You can't even tell me what value pi has unless you TRUNCATE pi...
3.1 > 3.0
3.14 > 3.1
3.141 > 3.14
3.1415 > 3.141
3.14159 > 3.1415
See? For every decimal place you add another number to pi, it gets larger in value.
The truth is that pi is none of the values you have written. pi is the number you get if you keep adding decimals
forever. This does not actually require that a person sit there adding decimals forever, by the way. We smart humans
understand that, as we keep adding decimals, the value of pi
converges to a particular value, even if we can't write that value out as a decimal, because it would need an infinite number of decimal places to do that.
All of the values given above are
approximations to pi. What you get when you truncate the
actual pi to a certain number of decimal places is no longer pi, but a number a little less than pi. pi is the 'limit' you get when you keep all the decimal places (i.e. an infinite number of them).
It is a failure of imagination to assume that pi must have only a finite number of decimal places. There is no reason to make such an assumption. Besides, it doesn't work.
You can not tell me a FINITE pi value, so you don't even have a value for pi, which means you have no finite area for the circle...
Be careful that you use the words "finite" and "infinite" correctly.
pi is a finite number. It is certainly a number greater than 3.140 and less than 3.142, for instance. An actual infinite number would be greater than any number you cared to write down.
It is true that it would require an infinite number of decimal places to write out pi exactly. That means that, in practice, we can't write out the exact value of pi as a decimal. But it doesn't matter. There's no reason we'd ever need to do that. What we can do is to write it out to as many decimal places as we're willing to wait for a computer to calculate. You can decide how many decimal places you want and how long you're willing to wait to get them, and you can get a VERY good approximation to pi.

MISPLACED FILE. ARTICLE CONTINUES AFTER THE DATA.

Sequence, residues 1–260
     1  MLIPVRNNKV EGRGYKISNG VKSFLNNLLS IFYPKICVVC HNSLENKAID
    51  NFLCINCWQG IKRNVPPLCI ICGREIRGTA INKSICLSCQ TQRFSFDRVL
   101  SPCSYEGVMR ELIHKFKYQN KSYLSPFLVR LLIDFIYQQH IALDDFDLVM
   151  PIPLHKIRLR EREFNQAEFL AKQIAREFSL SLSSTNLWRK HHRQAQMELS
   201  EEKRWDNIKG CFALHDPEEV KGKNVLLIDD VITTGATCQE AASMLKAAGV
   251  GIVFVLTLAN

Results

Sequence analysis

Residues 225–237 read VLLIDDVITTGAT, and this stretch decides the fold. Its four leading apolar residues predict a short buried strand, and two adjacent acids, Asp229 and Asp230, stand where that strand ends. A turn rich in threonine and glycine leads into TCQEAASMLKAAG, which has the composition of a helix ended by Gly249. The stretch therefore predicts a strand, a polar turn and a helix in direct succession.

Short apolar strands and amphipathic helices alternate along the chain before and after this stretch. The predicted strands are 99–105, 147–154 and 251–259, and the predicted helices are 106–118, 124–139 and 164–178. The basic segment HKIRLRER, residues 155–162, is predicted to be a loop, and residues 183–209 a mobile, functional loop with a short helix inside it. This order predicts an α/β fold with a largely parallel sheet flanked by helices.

The circle's area is FINITE! If the circle's area is finite that means pi MUST be a finite number!
Right on both counts. pi is a finite number, as previously explained. Areas of circles are finite too. No problem.
What is that finite number that you claim pi to be in order for the circle to have a finite area????
It's that number between 3.14 and 3.142 that I just talked about.
So according to you the circle is too small too, but it is growing with pi with every decimal place for pi! (rolls eyes)
No! The area of the circle is pi times its radius squared. It is what it is. It's not
our fault if
you can't calculate it to the degree of accuracy you think you need.
In practical terms, if you're drawing a circle on a piece of paper with a pencil, how accurate do you want the area, anyway? How accurately are you going to measure the width of the pencil marks, for example? If you get that wrong, it doesn't matter how accurate the pi value is you use: if your radius value is incorrect, you'll find the "wrong" area (though it might be "close enough", depending on your aims).